Bowed Psaltery

Comments (0)

This article is from Issue 94 of Woodcraft Magazine.

Coaxing music from inside the grain

Not only is making a psaltery a great gateway into the craft of instrument making, it is also an easy instrument to learn to play. So if you’re a bit musically challenged, as I am, building one may open doors for you. The instrument, which features 25 distinctly tuned strings, is typically played one note at a time, making a psaltery perfect for noodling out the melody of many traditional songs. 

The build is quite straightforward. The only tricky parts are cutting accurate angles and laying out the pin holes precisely. Start by making the triangular frame, then prepare the bookmatched soundboard and back, and glue them to the frame. Rout for the binding strips, install them, lay out and drill for the pin holes, and apply a finish. Finally, make the bridge, add the pins and strings, and then tune up for your first recital. 

You’ll need to acquire a few special supplies, including zither pins and music wire. (See Buyer’s Guide on p. 70). Also, consider ordering special wood for the soundboard. (See sidebar on p. 38). I used Peruvian walnut for the sides and back, but you can make them from nearly any hardwood. However, use a clear piece of hard maple for the pin block in order to firmly secure the tuning pins. 

Psubtle angles make it work

The psaltery’s frame pieces are simply butt-joined and sandwiched between the soundboard and back. Make sure the joints are tight and glued well because the tensioned strings will place a lot of strain on the assembly. Also, the holes for the hitch pins along the sides need to be carefully laid out and drilled to prevent problems tuning the instrument.

Find out more

Type “Bowed Psaltery” into your web browser to discover a wide variety of tunes that demonstrate the instrument’s wonderful sound. 

Order of Work

  • Make the frame
  • Prepare the panels
  • Assemble the body
  • Lay out and drill the holes
  • Install the binding
  • Finish and string up

Play the angles for a strong frame

Mill the sides and pin block to thickness and width (see drawing, p. 36), but leave them oversized in length for now. Taper one end of each side at the table saw using a jig as shown. Clamp the sides together to get an actual measurement for the pin block, then cut the block to fit. Take care to get the angles just right, as this is critical for frame strength. Once the pin block fits, bandsaw the curve along its outer edge.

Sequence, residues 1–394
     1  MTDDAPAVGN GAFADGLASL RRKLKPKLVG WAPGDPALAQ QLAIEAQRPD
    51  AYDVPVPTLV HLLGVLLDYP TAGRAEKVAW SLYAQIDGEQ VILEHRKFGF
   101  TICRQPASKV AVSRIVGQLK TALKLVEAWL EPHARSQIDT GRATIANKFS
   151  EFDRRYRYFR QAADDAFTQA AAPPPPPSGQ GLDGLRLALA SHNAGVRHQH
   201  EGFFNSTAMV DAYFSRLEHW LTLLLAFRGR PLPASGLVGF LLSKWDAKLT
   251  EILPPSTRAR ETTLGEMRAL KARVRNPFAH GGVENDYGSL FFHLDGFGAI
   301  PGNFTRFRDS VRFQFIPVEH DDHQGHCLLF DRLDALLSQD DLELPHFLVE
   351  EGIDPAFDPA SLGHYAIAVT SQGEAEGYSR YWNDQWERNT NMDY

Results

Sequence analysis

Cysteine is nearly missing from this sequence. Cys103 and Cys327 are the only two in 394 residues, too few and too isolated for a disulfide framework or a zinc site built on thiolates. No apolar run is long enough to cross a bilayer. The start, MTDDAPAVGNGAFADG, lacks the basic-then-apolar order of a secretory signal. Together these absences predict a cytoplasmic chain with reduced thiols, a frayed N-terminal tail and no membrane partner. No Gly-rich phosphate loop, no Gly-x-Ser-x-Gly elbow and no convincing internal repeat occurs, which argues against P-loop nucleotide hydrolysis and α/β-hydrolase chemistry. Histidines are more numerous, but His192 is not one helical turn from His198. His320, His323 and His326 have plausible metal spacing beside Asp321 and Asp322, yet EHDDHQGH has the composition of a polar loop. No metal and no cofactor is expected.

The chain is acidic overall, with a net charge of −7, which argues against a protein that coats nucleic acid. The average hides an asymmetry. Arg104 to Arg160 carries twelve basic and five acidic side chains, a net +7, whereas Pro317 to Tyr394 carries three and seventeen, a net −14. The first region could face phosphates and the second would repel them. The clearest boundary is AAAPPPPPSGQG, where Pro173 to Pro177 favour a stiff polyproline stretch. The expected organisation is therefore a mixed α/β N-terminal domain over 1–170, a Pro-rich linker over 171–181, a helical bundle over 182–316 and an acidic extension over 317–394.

Trustworthy tapers. Making the severely acute miter cuts on the ends of the sides can be tricky. This task-specific tapering sled makes the process easy and accurate. Save the taper offcuts to use as glue-up pads later. After tapering the frame sides, cut them to length. 

Draw from the source. Dry-clamp the tapers face-to-face and use the opposite ends of the sides to mark off the length and matching angles on the pin block (left). After registering the angle with a bevel gauge, use it to set a table saw miter gauge for cutting the ends of the pin block (above). 

Musical Woods

If this is your first foray into instrument making, you may want to save yourself some time and money by using 1⁄8" Baltic birch plywood instead of solid wood for both the soundboard and back. Your psaltery will sound okay and you won’t have invested a lot of time and effort into its construction, making it perfect for a child’s instrument. On the other hand, if you want an instrument that truly sings, it’s worth seeking out good soundboard material. Traditionally, stringed instrument soundboards are made from quartersawn softwoods, with Sitka spruce enjoying a reputation for producing a particularly sweet sound. There are many online sources for soundboard material, but most pieces are cut at about 20" long for guitar builders. Here, you’ll need pieces at least 24" long. I got my spruce from Stewart MacDonald, which sells it for making dulcimers. (See Buyer’s Guide on p. 70).